This plugin provides a simple way of displaying up-to-date information about specific plugins hosted on the WordPress Plugin Directory in your blog posts and pages. It is intended for plugin authors who want to display details of their own plugins from the WP Plugin Directory on their blog and want those details to remain up to date. It’s also useful for bloggers who may blog about plugins and would like the details in their blog posts to remain up to date.
You want to blog about a particular plugin on your blog and include various details of it in your blog post (eg. the number of downloads or the last updated date). You could manually type this information into your post but this means that in a few days/weeks/months’ time the information will be out of date.
This plugin allows you to use shortcodes in your blog posts and pages which fetches this information right from the WordPress Plugin Directory, therefore ensuring the information always remains up to date.
Here’s an example
This plugin uses shortcodes so it’s ridiculously easy to include any information about a particular plugin in your post or page:
This plugin has been downloaded [plugin downloaded] times!
This will produce the following content in your blog post:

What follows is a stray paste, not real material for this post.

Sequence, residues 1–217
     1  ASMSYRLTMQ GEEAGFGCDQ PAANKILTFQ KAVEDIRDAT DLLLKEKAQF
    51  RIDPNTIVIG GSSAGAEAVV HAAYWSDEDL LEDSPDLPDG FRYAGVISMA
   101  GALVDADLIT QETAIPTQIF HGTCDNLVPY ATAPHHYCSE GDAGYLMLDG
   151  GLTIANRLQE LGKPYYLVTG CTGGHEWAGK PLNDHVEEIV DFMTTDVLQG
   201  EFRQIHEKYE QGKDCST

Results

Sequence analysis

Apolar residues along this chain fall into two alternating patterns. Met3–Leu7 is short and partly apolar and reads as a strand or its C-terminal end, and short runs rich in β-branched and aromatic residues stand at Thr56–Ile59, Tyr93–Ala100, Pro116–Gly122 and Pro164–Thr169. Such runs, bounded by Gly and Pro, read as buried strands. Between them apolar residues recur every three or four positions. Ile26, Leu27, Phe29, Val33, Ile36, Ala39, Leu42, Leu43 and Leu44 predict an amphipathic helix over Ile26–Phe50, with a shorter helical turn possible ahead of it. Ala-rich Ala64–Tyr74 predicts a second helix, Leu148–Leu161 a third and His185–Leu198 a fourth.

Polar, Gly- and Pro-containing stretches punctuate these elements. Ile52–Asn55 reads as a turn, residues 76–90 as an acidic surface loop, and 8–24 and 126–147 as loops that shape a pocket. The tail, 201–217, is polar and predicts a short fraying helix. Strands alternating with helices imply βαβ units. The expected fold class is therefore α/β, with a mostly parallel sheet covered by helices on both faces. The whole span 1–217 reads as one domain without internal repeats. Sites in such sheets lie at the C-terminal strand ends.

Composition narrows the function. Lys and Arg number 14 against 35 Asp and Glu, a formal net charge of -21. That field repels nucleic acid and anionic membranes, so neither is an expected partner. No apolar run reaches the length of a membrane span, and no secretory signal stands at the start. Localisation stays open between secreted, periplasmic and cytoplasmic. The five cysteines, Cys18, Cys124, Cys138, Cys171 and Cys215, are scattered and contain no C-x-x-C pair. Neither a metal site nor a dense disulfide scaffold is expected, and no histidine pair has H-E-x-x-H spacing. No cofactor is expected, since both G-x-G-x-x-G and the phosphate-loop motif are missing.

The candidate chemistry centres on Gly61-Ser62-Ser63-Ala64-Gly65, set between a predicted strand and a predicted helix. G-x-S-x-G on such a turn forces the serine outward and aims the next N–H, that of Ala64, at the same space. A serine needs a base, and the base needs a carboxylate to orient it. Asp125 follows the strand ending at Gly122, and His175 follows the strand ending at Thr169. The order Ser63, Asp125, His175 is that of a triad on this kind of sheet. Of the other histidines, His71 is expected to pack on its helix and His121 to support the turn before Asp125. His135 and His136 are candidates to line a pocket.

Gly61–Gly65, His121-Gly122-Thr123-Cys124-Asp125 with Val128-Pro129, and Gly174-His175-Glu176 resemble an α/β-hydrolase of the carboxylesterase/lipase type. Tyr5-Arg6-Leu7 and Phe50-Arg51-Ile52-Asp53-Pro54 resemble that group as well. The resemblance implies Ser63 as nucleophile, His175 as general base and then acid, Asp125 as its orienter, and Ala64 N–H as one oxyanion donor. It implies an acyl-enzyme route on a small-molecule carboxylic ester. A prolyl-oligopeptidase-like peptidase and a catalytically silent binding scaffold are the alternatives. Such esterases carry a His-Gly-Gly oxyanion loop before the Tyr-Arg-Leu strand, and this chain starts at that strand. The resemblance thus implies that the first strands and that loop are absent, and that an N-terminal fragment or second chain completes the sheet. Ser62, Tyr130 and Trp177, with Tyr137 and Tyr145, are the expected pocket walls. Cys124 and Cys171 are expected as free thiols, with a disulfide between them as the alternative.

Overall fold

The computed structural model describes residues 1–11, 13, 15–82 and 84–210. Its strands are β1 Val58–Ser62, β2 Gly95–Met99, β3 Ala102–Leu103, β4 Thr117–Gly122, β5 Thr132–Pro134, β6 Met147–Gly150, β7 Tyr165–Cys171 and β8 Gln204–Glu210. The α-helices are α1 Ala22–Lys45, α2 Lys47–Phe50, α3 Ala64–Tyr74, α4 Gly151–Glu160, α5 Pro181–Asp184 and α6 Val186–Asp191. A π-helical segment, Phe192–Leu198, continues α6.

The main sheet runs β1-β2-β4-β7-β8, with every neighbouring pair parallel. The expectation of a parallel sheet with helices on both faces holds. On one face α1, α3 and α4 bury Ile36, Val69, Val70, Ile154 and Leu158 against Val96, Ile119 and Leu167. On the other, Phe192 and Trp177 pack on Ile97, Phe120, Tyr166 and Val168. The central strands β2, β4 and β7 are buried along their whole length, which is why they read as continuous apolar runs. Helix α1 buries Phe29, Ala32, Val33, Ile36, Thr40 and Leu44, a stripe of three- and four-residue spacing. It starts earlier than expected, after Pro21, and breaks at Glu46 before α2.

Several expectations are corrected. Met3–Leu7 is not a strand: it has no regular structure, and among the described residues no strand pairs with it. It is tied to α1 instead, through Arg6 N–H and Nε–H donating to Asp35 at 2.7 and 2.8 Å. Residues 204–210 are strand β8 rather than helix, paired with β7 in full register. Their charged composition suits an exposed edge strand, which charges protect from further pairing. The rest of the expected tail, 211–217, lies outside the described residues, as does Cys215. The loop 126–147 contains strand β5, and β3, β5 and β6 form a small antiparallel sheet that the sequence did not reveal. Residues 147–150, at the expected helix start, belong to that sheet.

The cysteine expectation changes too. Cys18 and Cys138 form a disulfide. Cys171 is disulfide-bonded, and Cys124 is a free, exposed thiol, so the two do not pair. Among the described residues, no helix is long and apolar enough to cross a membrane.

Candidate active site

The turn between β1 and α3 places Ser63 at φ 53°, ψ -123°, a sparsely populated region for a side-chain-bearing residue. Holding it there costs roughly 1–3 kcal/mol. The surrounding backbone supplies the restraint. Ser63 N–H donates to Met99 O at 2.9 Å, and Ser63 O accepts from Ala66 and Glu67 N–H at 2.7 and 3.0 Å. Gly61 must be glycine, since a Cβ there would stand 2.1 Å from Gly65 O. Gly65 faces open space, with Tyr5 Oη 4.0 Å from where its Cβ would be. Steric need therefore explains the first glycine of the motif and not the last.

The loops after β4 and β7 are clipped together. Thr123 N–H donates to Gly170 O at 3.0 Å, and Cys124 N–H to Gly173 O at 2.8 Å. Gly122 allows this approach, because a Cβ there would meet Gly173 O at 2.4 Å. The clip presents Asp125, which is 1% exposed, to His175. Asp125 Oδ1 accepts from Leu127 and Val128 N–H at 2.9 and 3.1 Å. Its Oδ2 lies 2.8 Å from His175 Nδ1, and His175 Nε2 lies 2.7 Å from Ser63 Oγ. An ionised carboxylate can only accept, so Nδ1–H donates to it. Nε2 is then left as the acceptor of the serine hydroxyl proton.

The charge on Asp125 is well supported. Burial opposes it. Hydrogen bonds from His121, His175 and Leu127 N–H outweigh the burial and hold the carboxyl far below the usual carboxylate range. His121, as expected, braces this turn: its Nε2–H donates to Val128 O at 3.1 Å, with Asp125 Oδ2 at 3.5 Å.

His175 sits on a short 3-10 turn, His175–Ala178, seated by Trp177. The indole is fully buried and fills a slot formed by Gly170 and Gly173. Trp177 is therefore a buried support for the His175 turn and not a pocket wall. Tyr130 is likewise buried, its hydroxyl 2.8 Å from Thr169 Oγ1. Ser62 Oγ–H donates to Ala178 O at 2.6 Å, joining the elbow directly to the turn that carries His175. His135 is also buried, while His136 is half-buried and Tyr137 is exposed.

This plugin has been downloaded 1,650 times!
The download count will remain current without you having to touch your blog post again.
Is this plugin for me?
This plugin is only going to be of use to you if:
- You are a plugin author and you want a ridiculously easy way to include up to date information about any of your plugins in your blog posts or pages.
- You are the author of a blog that highlights plugins of interest and you want to ensure that information in your posts remains up to date.
- Unzip the ZIP file and drop the folder straight into your
- Activate the plugin through the ‘Plugins’ menu in WordPress.
- Now read the usage guidelines below.
- Write a new blog post or page, or open an existing post or page for editing.
- In the ‘Plugin Info’ box on that screen, type the slug of the plugin like this:
(The plugin slug is the last part of the URL of the plugin’s page on wordpress.org.)
- Add a shortcode to your blog entry like this:
[plugin downloaded]and save the post. (That’s the word ‘plugin’ and not the slug of your plugin by the way).
- Take a look at your post and the number of dowloads of the plugin will be displayed.
Which attributes can I display?
Below is a list of all the available shortcodes.
- [plugin author_name] – The plugin author’s name
- [plugin author_url] – The URL of the plugin author’s homepage
- [plugin compatibility] – The compatibility concensus with the most recent version of WordPress (as a %)
- [plugin compat_with] – The version of WordPress used for the compatibility concensus (ie. the latest WordPress version, eg. “2.8.5″)
- [plugin download_url] – The URL of the plugin’s ZIP file
- [plugin downloaded] – The all time download count with comma-separated thousands (eg. “12,345″)
- [plugin homepage_url] – The URL of the plugin’s homepage
- [plugin link_url] – The URL of the plugin’s page on the WP Plugin Directory
- [plugin name] – The plugin name
- [plugin profile_url] – The URL of the author’s profile on WP.org
- [plugin requires] – The ‘Requires at least’ WP version number
- [plugin rating] – The plugin’s star rating as a whole number out of 5 (given by visitors to wp.org)